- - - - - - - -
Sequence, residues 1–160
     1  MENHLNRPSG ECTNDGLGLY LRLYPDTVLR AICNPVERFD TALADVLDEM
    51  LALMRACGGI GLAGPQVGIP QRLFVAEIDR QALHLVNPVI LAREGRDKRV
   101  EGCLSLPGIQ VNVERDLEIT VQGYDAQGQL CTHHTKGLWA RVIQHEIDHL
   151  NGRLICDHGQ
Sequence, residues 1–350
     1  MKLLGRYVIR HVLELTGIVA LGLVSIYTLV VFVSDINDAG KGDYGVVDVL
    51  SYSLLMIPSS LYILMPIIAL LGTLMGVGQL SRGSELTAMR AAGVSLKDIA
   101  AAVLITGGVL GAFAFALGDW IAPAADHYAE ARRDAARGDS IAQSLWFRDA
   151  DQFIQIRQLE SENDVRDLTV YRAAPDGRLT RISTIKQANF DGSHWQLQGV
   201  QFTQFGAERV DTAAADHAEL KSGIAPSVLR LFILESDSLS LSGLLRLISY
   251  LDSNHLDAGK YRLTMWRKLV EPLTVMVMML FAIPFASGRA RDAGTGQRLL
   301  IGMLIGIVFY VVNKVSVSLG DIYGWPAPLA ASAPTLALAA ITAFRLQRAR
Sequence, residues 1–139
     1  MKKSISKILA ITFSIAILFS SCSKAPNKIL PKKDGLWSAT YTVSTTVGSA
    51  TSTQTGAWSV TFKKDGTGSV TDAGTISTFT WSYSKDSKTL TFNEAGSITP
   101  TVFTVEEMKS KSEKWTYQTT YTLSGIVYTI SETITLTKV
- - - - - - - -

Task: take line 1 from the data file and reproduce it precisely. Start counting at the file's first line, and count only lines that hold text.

Sequence, residues 1–160